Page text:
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Volume 18, Number 7—July 2012

Dispatch

Dobrava Hantavirus Infection Complicated by Panhypopituitarism, Istanbul, Turkey, 2010

Nevin Sarıgüzel1Comments to Author , Jörg Hofmann1, Alper Tunga Canpolat, Ali Türk, Jakob Ettinger, Deniz Atmaca, Işın Akyar, Serap Yücel, Ender Arıkan, Yavuz Uyar, Dilek Y. Çağlayık, Ayşe Sesin Kocagöz, Ayşin Kaya, and Detlev H. Kruger
Author affiliations: Acıbadem Hospital, Istanbul, Turkey (N. Sarıgüzel, A.T. Canpolat, D. Atmaca, Serap Yücel, Ender Arıkan); Charité University Medicine, Berlin, Germany (J. Hofmann, J. Ettinger, D.H. Kruger); Labor Berlin Charité-Vivantes GmbH, Berlin (J. Hofmann, J. Ettinger, D. H. Kruger); Acıbadem University, Istanbul (A.Türk, I. Akyar, A. S. Kocagöz); Refik Saydam National Public Health Agency, Ankara, Turkey (Y. Uyar, D. Y. Çağlayık); and University of Geneva, Geneva, Switzerland (A. Kaya)

Main Article

Figure 2

Magnetic resonance images showing hemorrhage of the pituitary gland and pituitary atrophy as indicated by arrows. A) T1-weighted coronal image shows high signal intensity on the right side of the adenohypophysis consistent with hemorrhage. B) T2-weighted sagittal image shows decreased pituitary gland height and heterogenous low signal intensity of the central adenohypophysis due to hemorrhagic infarction.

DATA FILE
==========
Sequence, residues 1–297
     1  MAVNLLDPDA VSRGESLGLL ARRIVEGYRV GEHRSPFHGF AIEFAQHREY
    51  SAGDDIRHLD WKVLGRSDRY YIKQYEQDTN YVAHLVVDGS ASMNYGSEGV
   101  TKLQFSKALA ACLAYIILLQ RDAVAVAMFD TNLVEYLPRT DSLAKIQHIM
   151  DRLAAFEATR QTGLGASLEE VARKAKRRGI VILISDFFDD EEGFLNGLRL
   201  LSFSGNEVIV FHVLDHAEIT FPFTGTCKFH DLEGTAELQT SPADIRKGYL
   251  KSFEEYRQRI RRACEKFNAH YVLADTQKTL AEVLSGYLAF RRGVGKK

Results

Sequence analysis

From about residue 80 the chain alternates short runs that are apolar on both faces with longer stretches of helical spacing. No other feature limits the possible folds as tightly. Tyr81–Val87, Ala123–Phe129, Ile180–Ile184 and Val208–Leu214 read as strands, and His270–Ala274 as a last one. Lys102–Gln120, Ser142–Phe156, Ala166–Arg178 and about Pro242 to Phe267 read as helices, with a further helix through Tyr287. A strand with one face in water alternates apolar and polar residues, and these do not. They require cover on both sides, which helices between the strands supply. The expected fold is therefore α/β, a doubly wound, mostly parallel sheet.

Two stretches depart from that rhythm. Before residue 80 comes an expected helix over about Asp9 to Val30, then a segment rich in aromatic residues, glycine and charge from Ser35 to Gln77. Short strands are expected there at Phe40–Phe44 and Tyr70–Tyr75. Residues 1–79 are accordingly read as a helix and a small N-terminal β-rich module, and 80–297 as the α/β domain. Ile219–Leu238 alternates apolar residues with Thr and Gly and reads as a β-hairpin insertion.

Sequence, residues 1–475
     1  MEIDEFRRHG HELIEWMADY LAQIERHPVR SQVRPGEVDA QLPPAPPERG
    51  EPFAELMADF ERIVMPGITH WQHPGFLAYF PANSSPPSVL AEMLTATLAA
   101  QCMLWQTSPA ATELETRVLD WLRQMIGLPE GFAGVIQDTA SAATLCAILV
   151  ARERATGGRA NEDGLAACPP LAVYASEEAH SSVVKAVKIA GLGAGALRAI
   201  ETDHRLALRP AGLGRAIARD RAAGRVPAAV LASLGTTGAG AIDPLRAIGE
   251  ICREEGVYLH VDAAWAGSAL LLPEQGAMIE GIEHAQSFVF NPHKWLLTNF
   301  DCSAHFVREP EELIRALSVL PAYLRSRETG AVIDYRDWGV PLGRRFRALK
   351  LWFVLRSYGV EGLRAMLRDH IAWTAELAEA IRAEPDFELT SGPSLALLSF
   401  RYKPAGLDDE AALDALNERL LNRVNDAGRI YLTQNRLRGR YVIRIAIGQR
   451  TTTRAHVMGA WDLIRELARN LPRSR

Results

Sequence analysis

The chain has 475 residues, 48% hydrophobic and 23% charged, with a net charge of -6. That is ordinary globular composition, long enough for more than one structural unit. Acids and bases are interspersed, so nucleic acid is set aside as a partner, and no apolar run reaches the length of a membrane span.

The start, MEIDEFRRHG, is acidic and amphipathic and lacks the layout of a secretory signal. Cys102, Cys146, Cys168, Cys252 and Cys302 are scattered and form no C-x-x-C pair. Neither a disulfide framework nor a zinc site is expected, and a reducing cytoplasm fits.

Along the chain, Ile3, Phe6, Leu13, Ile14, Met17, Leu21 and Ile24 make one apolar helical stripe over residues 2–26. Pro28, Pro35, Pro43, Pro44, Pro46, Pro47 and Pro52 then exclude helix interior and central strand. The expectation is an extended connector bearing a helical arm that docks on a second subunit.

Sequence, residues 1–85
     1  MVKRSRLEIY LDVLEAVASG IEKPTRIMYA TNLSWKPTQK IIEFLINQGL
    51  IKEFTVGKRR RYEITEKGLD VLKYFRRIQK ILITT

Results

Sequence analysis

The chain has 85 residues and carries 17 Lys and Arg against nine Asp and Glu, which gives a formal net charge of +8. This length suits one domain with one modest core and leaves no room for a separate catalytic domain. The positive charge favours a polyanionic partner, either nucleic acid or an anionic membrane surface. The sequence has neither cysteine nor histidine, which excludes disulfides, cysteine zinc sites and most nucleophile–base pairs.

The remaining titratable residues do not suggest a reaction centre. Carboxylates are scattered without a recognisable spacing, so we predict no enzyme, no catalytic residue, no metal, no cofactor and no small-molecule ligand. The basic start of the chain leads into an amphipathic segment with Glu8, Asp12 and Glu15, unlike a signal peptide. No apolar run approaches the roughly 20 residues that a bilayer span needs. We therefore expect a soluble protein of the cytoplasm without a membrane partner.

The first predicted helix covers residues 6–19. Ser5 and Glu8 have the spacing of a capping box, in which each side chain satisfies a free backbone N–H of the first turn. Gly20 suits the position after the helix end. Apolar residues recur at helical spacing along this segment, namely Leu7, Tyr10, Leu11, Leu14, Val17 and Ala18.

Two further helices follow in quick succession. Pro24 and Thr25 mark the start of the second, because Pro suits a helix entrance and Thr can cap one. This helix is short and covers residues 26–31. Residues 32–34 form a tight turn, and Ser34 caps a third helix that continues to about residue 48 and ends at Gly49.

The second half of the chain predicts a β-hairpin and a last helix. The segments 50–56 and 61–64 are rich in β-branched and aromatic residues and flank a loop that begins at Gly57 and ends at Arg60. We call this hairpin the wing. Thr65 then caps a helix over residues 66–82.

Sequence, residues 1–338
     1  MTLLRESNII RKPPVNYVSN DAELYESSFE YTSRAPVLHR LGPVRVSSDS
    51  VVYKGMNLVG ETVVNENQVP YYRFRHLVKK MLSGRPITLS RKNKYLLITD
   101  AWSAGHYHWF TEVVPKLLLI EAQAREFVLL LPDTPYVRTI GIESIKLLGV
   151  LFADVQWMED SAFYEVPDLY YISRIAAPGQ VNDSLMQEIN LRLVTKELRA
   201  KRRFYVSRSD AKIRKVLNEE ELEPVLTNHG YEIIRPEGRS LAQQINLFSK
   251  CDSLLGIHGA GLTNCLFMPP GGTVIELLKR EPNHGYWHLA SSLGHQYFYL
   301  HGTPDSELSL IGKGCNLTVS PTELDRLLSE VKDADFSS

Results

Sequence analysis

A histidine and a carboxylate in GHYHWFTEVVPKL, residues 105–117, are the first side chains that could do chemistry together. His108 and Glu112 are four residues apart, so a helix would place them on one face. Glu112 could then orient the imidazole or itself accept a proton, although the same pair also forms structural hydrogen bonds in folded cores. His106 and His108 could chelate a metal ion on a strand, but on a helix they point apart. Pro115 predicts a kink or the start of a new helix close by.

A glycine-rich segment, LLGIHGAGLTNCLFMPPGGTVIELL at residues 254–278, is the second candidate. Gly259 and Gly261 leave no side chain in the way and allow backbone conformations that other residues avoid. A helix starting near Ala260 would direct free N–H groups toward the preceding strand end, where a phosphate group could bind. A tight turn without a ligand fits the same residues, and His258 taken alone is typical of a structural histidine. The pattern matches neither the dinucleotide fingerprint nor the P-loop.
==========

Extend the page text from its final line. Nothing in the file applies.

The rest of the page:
Figure 2. . . Magnetic resonance images showing hemorrhage of the pituitary gland and pituitary atrophy as indicated by arrows. A) T1-weighted coronal image shows high signal intensity on the right side of the adenohypophysis consistent with hemorrhage. B) T2-weighted sagittal image shows decreased pituitary gland height and heterogenous low signal intensity of the central adenohypophysis due to hemorrhagic infarction.

Main Article

1These authors contributed equally to this article.

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